Mr Mitchell alleges the assault took place during a 1985 youth team tour overseas
Australian police are investigating allegations from a former Australian youth cricket player that he was raped by a team official during a 1985 tour.
Jamie Mitchell, 55, believes he was assaulted after a team doctor treated him with a sedative.
He made his allegations in an Australian Broadcasting Corporation (ABC) interview.
Cricket Australia says they are co-operating with the police investigation.
Mr Mitchell has demanded the sport’s governing body provide answers on what they knew of the alleged incident.
In Sunday’s interview, he said he was relieved that “finally there’s some scrutiny of that 1985 tour”.
“Instead of being a highlight of my cricketing life, that tour has caused me trauma and distress over many years,” he said in a statement shared with the BBC.
‘Anyone could have had access’
Mr Mitchell was an 18-year-old leading batsman on the Australian under-19 tour of India and Sri Lanka in 1985. The under-19s side is seen as a “feeder” team into the national side.
On the last night of the tour on 30 March in Colombo, he said he felt unwell and went to the team doctor, who injected him with a strong drug that knocked him out for at least 10 hours.
He said his teammates were instructed not to check up on him in his room that night, and he believes in that period he was assaulted by a leading team official. He did not give any further details in the interview on how that occurred.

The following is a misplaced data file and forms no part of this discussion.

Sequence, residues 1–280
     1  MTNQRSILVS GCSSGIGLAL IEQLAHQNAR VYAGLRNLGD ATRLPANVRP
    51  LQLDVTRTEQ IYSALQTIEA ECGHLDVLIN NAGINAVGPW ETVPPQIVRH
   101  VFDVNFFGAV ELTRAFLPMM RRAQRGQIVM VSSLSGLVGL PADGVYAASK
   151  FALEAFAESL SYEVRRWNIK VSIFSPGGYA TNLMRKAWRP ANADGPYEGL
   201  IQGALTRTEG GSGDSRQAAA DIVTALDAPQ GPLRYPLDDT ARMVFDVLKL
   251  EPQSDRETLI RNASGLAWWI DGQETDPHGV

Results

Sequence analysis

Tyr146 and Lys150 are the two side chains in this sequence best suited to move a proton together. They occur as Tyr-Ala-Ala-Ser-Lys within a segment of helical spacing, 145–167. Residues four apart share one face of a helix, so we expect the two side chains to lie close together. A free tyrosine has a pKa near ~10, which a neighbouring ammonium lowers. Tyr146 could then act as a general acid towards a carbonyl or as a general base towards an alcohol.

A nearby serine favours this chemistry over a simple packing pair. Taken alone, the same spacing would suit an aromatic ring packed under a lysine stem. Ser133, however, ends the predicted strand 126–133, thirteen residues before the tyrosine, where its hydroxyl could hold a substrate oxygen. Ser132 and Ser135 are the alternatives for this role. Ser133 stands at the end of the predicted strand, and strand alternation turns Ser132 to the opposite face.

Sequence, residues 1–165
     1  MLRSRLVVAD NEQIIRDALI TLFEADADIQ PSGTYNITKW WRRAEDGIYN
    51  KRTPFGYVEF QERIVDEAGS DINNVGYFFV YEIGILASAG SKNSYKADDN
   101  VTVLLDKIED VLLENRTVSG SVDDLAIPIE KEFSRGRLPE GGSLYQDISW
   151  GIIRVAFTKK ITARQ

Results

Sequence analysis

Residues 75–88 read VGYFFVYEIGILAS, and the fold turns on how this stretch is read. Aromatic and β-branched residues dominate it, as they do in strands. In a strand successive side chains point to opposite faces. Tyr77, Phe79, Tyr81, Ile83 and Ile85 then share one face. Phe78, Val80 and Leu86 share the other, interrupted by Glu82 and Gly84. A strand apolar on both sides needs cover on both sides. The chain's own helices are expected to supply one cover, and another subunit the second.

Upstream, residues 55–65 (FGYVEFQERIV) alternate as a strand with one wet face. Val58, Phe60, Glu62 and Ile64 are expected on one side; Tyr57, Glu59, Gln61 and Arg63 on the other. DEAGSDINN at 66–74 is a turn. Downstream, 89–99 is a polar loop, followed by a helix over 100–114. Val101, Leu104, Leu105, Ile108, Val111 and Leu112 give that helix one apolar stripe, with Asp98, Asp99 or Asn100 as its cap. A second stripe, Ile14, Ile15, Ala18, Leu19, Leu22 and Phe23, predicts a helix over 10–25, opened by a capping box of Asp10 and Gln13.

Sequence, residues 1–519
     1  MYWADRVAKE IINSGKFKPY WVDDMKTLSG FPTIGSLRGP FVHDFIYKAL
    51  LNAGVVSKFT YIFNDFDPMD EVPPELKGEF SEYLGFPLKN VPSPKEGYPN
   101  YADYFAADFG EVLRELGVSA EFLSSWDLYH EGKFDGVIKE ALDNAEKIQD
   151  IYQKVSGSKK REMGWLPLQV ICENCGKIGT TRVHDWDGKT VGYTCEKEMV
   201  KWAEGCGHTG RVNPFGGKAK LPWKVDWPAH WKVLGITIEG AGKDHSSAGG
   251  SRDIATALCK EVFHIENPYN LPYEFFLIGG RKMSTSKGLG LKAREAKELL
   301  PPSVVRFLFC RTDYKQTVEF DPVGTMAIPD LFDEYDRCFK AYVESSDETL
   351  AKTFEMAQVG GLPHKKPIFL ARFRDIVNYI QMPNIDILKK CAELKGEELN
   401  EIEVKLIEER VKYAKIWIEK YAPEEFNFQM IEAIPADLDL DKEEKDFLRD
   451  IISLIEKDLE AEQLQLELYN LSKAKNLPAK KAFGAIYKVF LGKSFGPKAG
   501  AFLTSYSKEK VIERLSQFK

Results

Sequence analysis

“My teammates left. Anyone could have come in and had access to me,” he told the ABC.
“Most of the guys have said they lost me for a couple of days. They remember putting me under the shower the next morning, to get me ready for the flight. They remember trying to dress me. And when we landed, I was wheeled to my parents in a wheelchair.”
Several people, including friends and family members who he confided in at the time, confirmed some details of his account to the ABC.
Mr Mitchell and some former teammates also recounted examples to the ABC of the official’s “creepy” behaviour towards players and also foreign children brought to the team’s hotel and other quarters.
Australian Federal Police are also investigating those allegations of wider misconduct, the ABC reported. Police declined to answer questions from the BBC, saying they did not provide comment on individual cases.
Mr Mitchell said he decided to seek answers from Cricket Australia last August after seeing a team picture online. He also reported to Sport Integrity Australia – the government’s corruption and abuse watchdog – who contacted federal police.
Mr Mitchell and other cricketers are calling on Cricket Australia to provide transparency over what they knew of the allegations.
The cricketers allege the administrators at the time ignored reports of the official’s behaviour despite appointing him as a leading official of a youth side.
They say the board at the time also did not respond to a letter of complaint from the team’s players’ families after the tour documenting players’ grievances with the team official.
Mr Mitchell has called for Cricket Australia to release his medical records from the tour. He says the board needs to explain why the team official left professional cricket soon after the tour.
“Cricket Australia has a chance to distinguish itself by facing up to this issue and doing the right thing. And that means transparency, starting with proper answers to many questions.”
Cricket Australia said it had been in contact with Mr Mitchell. The body told Australia’s Nine newspapers that it will take responsibility for allegations of abuse on past tours and matches.
The organisation however is yet to sign up to Australia’s national redress scheme for abuse victims which mandates compensation standards.